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Man’s Search For Meaning : Book review and a dedication to Sabreen
April 20, 2015
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Starry Night ” by Dutch artist Vincent Van Gogh. Style : Post-Impression. The reason behind this painting is the bright stars shining in the night to me resembles hope.



 If you’re following our blog, you probably read Sabreen’s story. It was emotional and moving, We know they’re a lot like Sabreen out there so Sabreen this article is for you and all of those who are suffering; 

I’ve been always asked, what’s the book that influenced you the most? Answering this is always as hard as choosing a favorite book. I think now none of my previous readings had this kind of impact on me, at least not this instantly. Psychiatrist Viktor Frankl’s tell his beautiful humane story in his memoir Man’s Search for Meaning. He shares his experiences in the concentration camp. Between 1942 and 1945, Frankl labored in four different camps, including Auschwitz, while his parents, brother, and pregnant wife perished. Horrifying as it sounds, it makes your gut feel sick. It makes you stop reading and reflect. If you’re not familiar with the history of World War II, Hitler and The Nazis, you will be in a state of shock reading this. Based on his own experience and the experiences of others he treated later in his practice, Frankl argues that we cannot avoid suffering, but we can choose how to cope with it, find meaning in it, and move forward with renewed purpose. He continues quoting, Nietzsche :

“He who has a ‘why’ to live for can bear with almost any ‘how’”. 

Frankl’s theory known as Existential therapy or Logotherapy, from the Greek word logos (“meaning”). It’s a form of Psychotherapy that focuses on meaning. The psychotherapist makes the patient see what he doesn’t see. Everything, no matter how miserable it is, has a meaning. 

“ Everything can be taken from a man but one thing: the last of the human freedoms to choose one’s attitude in any given set of circumstances, to choose one’s own way.”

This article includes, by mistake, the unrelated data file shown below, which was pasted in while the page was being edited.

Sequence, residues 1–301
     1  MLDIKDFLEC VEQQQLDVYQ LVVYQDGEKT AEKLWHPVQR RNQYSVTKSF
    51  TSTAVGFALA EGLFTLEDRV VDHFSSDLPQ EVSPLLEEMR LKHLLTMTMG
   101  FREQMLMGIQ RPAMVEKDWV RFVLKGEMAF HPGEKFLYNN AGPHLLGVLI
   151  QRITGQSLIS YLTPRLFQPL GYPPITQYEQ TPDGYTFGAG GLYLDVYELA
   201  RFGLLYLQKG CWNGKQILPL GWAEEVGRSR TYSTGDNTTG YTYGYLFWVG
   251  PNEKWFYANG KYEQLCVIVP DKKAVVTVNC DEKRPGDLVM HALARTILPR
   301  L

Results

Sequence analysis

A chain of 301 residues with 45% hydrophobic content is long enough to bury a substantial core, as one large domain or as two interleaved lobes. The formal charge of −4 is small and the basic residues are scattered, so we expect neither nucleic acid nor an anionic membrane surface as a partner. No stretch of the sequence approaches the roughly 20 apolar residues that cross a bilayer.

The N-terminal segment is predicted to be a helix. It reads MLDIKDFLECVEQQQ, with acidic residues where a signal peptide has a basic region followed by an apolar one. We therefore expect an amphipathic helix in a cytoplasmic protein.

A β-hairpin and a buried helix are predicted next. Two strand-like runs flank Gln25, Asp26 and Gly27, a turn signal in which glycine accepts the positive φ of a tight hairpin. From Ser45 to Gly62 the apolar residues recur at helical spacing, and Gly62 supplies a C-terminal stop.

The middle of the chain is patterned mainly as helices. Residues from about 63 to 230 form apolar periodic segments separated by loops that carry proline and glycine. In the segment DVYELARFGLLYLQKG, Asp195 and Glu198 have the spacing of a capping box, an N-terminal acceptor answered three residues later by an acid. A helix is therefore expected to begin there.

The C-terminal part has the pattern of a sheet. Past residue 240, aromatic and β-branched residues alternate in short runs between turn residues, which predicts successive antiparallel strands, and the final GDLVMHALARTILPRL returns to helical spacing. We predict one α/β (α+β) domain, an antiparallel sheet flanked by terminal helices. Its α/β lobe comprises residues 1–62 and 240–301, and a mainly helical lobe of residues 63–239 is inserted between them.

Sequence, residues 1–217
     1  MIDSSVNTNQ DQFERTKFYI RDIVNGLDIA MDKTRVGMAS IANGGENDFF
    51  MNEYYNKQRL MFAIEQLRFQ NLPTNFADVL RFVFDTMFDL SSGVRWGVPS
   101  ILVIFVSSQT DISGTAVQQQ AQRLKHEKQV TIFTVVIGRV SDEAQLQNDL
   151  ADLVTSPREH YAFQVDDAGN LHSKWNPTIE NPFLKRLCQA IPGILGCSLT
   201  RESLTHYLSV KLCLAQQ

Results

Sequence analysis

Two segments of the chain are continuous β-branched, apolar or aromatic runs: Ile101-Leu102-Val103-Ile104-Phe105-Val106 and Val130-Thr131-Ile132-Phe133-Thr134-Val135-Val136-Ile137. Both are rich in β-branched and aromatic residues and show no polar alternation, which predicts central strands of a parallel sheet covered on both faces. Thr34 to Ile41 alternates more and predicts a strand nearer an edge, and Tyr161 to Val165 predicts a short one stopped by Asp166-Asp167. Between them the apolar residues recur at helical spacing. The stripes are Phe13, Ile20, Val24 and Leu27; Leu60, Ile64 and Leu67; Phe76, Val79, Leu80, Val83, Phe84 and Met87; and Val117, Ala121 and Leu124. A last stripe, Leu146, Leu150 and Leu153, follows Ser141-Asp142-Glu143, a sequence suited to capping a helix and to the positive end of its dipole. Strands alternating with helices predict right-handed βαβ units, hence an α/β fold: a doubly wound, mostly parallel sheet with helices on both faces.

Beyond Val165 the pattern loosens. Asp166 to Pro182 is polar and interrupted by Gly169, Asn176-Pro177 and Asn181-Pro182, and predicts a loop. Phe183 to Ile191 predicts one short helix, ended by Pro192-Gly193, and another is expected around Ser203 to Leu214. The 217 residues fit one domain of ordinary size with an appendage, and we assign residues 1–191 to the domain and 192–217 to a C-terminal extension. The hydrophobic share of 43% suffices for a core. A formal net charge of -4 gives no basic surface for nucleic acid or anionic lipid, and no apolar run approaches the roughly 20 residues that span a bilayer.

Frankl’s experience in the concentration camp put Freud’s theory into shame. It’s not really pleasure that drives people to live life but that our primary drive in life finding meaning. It’s a beautiful read and I think it’s the kind of book you should read to understand what I’m trying to say here. I’m tempted to share a personal story, October last year I went through one of the cases Dr. Frankl described, “Unemployment Neurosis” due to the current circumstances Benghazi and Libya are going through, I had to leave my house, my university graduation has been postponed and even though I knew it was due to events out of my control I couldn’t help but start to get depressed, I felt useless, and being useless was equated with having a meaningless life, an existential vacuum. After few months of this sufferings, I started with my best friend Project Silphium, a simple blog to raise awareness about women’s rights and feminism where we live, It was overwhelming the amount of purpose this simple blog added to my life. Frankl actually advised his patients with this “unemployment neurosis” to volunteer and start charity work, and honestly it works wonders. I know now that without the suffering, sometimes the growth would be impossible. I’ve highlighted so much of this book and I highly recommend it. To wrap this up I picked this quote which happens to be my favorite : 

“ When the impossibility of replacing a person is realized, it allows the responsibility which a man has for his existence and its continuance to appear in all its magnitude. A man who becomes conscious of the responsibility he bears toward a human being who affectionately waits for him, or to an unfinished work, will never be able to throw away his life. He knows the “why” for his existence, and will be able to bear almost any “how.”” 


Written By : J.E 


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